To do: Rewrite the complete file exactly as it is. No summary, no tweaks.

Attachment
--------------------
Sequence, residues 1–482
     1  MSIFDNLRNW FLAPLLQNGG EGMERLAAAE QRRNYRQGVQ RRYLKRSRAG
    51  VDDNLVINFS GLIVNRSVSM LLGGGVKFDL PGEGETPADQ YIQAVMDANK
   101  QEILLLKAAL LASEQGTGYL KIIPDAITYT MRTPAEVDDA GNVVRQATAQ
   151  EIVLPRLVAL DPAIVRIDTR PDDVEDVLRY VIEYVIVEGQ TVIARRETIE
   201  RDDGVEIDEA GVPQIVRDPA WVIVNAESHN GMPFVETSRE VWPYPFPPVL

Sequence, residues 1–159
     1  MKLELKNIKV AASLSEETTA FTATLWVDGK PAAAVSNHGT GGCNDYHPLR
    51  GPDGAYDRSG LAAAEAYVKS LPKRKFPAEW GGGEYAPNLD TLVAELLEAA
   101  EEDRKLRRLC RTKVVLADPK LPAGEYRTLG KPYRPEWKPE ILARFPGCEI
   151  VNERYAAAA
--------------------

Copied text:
Sequence, residues 1–482
     1  MSIFDNLRNW FLAPLLQNGG EGMERLAAAE QRRNYRQGVQ RRYLKRSRAG
    51  VDDNLVINFS GLIVNRSVSM LLGGGVKFDL PGEGETPADQ YIQAVMDANK
   101  QEILLLKAAL LASEQGTGYL KIIPDAITYT MRTPAEVDDA GNVVRQATAQ
   151  EIVLPRLVAL DPAIVRIDTR PDDVEDVLRY VIEYVIVEGQ TVIARRETIE
   201  RDDGVEIDEA GVPQIVRDPA WVIVNAESHN GMPFVETSRE VWPYPFPPVL

Sequence, residues 1–159
     1  MKLELKNIKV AASLSEETTA FTATLWVDGK PAAAVSNHGT GGCNDYHPLR
    51  GPDGAYDRSG LAAAEAYVKS LPKRKFPAEW GGGEYAPNLD TLVAELLEAA
   101  EEDRKLRRLC RTKVVLADPK LPAGEYRTLG KPYRPEWKPE ILARFPGCEI
   151  VNERYAAAA